Reader James J. Goswick responded to my post addressing James Madison's alleged Christianity. I will admit with Madison and Washington, because of their reticence to explicate their specific creed, until we find more of their writings (if we ever do), there will always be some question. As James H. Hutson put it,
Seeking evidence of his faith quickly leads to the conclusion that there is, in the words of the poet, no there there, that in the mature Madison's writings there is no trace, no clue as to his personal religious convictions....With Madison, unlike Jefferson or any of the other principal founding fathers with the possible exception of Washington, one peers into a void when trying to discern evidence of personal religious belief.
And because of the level of generality about which Madison spoke on God, Hutson notes, "[t]he very paucity of evidence has permitted a latitude of interpretation in which writers have created Madison in the image of their own religious convictions."
Madison oft-used generic, philosophical lowest-common-denominator terms for God. However, "The Great Spirit" is not one of those terms, as Mr. Goswick asserts. Terms like "Providence," "Nature's God," "Deity," "Almighty," "Supreme Being,"...these are the generic terms which Jews, Deists, Unitarians, Trinitarians, and even Muslims could speak pretending such is the same God they all worshipped. All of these groups (even Deists and Unitarians) could, in some sense, claim to worship "The God of Abraham" as a generic lowest-common-denominator. Jefferson, Adams, and Franklin, in a sense believed they worshipped such God, except with all of His "unreasonable" attributes edited out from the Bible, so that only those parts which showed God's warmth and benevolence remained.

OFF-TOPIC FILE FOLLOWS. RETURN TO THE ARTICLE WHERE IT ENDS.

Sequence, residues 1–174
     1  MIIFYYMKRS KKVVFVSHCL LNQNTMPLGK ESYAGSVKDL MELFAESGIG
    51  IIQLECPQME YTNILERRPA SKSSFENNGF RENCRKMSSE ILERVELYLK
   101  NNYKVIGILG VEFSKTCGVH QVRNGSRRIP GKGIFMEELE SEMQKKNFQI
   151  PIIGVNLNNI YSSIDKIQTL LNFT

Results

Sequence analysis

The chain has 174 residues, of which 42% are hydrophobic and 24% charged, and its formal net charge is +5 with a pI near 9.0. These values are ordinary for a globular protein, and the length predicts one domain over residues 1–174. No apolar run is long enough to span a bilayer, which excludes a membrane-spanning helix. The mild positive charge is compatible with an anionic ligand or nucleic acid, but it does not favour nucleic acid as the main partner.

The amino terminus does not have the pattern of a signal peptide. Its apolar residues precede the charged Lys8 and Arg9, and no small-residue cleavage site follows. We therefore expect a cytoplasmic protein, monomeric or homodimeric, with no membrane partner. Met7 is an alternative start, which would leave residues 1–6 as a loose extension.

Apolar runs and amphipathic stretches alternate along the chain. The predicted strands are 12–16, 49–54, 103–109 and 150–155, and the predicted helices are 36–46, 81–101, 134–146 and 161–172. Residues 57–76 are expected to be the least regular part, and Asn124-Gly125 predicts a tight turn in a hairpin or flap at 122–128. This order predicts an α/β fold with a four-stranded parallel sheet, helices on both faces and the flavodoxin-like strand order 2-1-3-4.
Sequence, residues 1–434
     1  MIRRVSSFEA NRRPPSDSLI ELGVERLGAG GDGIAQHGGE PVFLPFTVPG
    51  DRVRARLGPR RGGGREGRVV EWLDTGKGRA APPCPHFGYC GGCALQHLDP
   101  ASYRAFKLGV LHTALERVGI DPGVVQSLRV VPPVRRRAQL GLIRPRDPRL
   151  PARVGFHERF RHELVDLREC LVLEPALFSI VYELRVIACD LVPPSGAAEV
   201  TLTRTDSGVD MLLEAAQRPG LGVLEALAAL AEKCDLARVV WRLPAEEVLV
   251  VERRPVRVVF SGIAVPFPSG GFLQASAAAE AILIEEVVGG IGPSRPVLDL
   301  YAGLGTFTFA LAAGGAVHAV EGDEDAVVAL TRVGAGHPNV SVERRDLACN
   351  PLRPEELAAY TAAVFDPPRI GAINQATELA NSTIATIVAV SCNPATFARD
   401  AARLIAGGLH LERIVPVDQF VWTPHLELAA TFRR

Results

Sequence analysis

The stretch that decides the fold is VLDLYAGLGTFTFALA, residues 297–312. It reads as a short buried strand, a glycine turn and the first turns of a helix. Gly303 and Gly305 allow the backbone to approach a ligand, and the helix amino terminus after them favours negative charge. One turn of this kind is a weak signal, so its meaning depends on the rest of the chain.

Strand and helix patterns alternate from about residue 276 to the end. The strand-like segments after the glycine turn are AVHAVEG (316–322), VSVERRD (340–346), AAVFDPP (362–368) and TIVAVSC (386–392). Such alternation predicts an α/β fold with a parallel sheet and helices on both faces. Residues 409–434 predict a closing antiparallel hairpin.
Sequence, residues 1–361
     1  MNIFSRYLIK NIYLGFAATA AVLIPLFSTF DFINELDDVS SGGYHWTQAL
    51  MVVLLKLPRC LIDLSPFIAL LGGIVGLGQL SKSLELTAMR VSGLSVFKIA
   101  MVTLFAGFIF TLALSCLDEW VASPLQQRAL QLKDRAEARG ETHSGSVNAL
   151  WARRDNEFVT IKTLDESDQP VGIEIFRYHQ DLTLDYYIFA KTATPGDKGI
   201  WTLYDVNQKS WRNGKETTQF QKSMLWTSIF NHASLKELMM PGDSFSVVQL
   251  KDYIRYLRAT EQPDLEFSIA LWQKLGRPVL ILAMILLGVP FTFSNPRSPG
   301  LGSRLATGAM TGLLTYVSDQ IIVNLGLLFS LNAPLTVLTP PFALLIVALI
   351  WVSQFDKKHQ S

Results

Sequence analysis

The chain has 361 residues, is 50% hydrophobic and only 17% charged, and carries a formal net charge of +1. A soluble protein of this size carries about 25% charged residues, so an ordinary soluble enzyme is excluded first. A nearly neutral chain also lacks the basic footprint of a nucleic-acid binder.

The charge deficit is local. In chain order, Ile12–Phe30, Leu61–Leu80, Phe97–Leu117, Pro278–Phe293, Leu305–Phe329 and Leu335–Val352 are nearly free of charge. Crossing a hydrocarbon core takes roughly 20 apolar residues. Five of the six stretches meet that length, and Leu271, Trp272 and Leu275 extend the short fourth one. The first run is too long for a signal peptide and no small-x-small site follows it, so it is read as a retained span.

"The Great Spirit," on the other hand, like the term "Allah," is a specific title that the Native Americans have given to God. Just google that term and see. The Founding Fathers never used the term "The Great Spirit," except when speaking to Native Americans, intimating that their pagan Deity was the same God they worshipped. I have counted Washington, Madison, and Jefferson each doing this numerous times. Adams probably did as well (after all, he believed Hindu and pagan Greek and Roman worship was "Christian"), but I haven't yet found his quotations. For a taste, see Washington here, Jefferson here, and Madison here.
Finally, Madison almost certainly did not mean, as Mr. Goswick asserts "that the 'Great Spirit' is the Holy Spirit who is the third person of the triune God that is the same God of us all." I understand how, because of the similarity of words, one might first grasp on to this notion. But upon further reflection this theory fails. These are different terms -- "Great Spirit," and "Holy Spirit." The "Holy Spirit" it seems to me is the much neglected personality of the Triune Godhead, with most folks either discussing God the Father or the Son (so Trinitarians finally get around to discussing the Holy Spirit when talking to the Indians?). But most importantly, when Madison discusses The Great Spirit, his context refutes Mr. Goswick's notion. Madison stated: "The Great Spirit who is the father of us all, approves them." The Holy Spirit is not "the father of us all." That utterly confuses the distinct personalities of the Triune Godhead. It makes no more sense than to say Jesus is God the Father. Jehovah/Yahweh, not Jesus Christ or the Holy Spirit, are proper names for God the Father.
Moreover, because Allah at least purports to be the God of Abraham (the Native American's "Great Spirit" does not), referring to God as "The Great Spirit" is even less orthodox than referring to God as Allah.
All of this, it seems to me, confirms my thesis that according to the key Founders, including Madison,
God is Jehovah to the Jews, Allah to the Muslims, the Great Spirit to the Native Americans. And these are different names for the same generic “Providence” they worshipped. Though, as theological unitarians, they didn’t believe that Jesus was God, rather that he was a great moral teacher who may have been a man (Socinian) or some kind of divine being created by and subordinate to God (Arian).